In Blog

Citizen Science through the Internet

by Geraldine Lindley, August 2016

I have had a busy time as a citizen scientist lately – counting penguin chicks in Antarctica, and listening to bat calls in warmer climes – all from the comfort of my armchair with cup of tea in hand!

A while ago I blogged enthusiastically about two citizen science experiences working side by side with researchers in the field (i.e. on Nova Scotia and St. Croix beaches). In this blog I wish to talk about a different approach – using the web as a means to participate.

To explain the participation of citizen scientists in on-line data analysis, I have chosen Zooniverse ( as a significant example – a citizen science web portal of the Citizen Science Alliance which is governed by a board of directors from various U.S. and U.K. institutions ( I registered on-line and, as a volunteer “Zooite”, had my pick of a selection of crowd sourced scientific research projects. A research and conservation project on penguins (Penguin Watch) enticed me to view images from a remote camera set up on the Antarctic Peninsula.

Although my interests focus on nature projects (and more specifically it seems, nature projects on beaches), interested citizen scientists can select projects from several general categories. When accessed on March 28, 2016, there were 46 active projects: for example, the Natural World category provides the opportunity to (over 18,000 currently active) volunteers to identify animals from trail camera photos in Gorongosa National Park in Mozambique. This category also has a climatology project that helps predict future storm behaviour by analyzing patterns in satellite images. Space projects may have the keen citizen scientist viewing images from far away galaxies; under Humanities, one might get involved in transcribing museum reports (Notes from Nature), or reading war diaries (Operation War Diary). Perhaps of great attraction to many young citizen scientists is the Worm Watch Lab (Biology and physics category) where one can watch videos of nematode worm behaviour to help researchers understand puzzling genetic questions.

Images of wildlife, galaxies, and historical records are just a few of the fascinating discoveries available to the curious after a bit of on-line training. As a citizen scientist one can also join discussion boards for conversation with researchers and fellow volunteers,; and access published articles resulting from research projects.

Citizen Science Alliance states that involving the public in online citizen science projects is essential to cope with the copious amount of data researchers have to deal with – and that “in its first six months Galaxy Zoo provided the same number of classifications as would a graduate student working round the clock for 3.5 years”! I also found it refreshing to read that our brains are still better than computers in ways such as pattern recognition, and the ability to be surprised by the odd; and that indeed, the large citizen science data sets can be useful in training machines to learn. (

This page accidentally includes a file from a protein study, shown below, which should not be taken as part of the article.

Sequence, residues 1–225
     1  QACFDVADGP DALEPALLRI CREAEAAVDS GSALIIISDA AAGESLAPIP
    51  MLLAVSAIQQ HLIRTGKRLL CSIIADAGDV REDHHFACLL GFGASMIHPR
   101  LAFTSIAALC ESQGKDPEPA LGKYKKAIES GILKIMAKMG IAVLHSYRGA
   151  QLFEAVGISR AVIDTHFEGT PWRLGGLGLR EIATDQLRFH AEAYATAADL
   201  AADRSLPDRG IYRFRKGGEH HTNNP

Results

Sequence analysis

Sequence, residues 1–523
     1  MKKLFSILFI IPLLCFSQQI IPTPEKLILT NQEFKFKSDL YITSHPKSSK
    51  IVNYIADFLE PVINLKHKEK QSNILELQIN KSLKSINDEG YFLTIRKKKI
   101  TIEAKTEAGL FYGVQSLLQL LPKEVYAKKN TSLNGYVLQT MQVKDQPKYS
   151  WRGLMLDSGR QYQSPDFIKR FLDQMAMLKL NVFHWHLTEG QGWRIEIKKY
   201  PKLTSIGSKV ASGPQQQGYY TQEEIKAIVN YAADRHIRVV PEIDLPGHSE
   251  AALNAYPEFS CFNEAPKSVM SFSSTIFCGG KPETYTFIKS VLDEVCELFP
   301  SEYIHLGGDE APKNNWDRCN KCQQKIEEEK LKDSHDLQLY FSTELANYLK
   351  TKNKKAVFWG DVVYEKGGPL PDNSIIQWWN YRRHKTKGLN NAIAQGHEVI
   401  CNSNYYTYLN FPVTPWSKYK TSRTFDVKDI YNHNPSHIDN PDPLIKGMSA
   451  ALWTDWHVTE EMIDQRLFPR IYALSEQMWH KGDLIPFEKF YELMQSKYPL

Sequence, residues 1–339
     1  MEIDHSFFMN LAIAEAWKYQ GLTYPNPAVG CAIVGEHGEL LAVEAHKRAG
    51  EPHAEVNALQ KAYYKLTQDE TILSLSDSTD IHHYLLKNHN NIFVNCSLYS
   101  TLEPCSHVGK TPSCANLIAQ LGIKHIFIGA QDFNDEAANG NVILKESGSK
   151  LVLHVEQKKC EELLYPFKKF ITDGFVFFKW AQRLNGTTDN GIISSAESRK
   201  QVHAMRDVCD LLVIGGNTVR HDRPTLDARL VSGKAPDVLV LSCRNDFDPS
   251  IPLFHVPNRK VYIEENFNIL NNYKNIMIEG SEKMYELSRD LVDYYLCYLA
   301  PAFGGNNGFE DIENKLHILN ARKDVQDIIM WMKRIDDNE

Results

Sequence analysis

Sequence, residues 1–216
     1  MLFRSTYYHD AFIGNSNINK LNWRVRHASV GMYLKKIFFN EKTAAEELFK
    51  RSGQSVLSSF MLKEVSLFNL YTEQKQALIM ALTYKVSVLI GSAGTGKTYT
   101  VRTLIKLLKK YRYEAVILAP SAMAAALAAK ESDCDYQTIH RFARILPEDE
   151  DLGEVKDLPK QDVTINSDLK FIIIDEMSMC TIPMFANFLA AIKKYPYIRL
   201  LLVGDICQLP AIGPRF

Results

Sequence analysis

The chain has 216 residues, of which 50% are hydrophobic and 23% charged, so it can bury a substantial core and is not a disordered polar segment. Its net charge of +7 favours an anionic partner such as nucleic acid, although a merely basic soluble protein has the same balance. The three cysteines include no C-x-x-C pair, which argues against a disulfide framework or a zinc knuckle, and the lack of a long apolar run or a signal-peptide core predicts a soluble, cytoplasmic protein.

Reflecting upon my limited experience in the realm of citizen science, I thought not only about my fascination with the complexities of nature and my satisfaction in contributing to building scientific knowledge, but I also thought about the larger implications for society. In a general way (without debating the merits of particular research), it may be stating the obvious to say that facilitating scientific research (some of which would likely not be accomplished otherwise due to resource constraints) is beneficial to society.

But a less obvious potential benefit of citizen science participation comes to mind. Could we also be building mutual understanding between citizens and scientists, thus furthering the understanding of research in a broader context? In 1990, in her article Reflections on Science and the Citizen, well-known scientist and social activist Ursula Franklin stated that building this relationship between citizens and scientists a key task for the future. She explained that the scientific method, in its “emphasis on abstract knowledge over concrete experience…has drastically lessened the confidence of people in the astuteness of their own senses.” (Franklin, pg 315) She further identified the problem of undervaluing direct experience as a source of knowledge in favour of scientific experts. Dr. Franklin believed that these two factors “greatly impeded’ the “participation of concerned citizens in political decisions with significant technological or scientific components”. (Franklin, pg 316). However, through working with citizen groups she believed that having ”a strong motivation, a confidence in their own common sense, and a non-competitive atmosphere in which participants are both teachers and learners” provided a base for developing scientific knowledge and becoming “responsible citizen scientists”. (Franklin, pg 316). Thus, these concluding thoughts on citizen science have broadened my perspective of its contribution to the public good.


Franklin, U. (2006). The Ursula Franklin reader – pacifism as a map. Toronto, Ontario: Between the Lines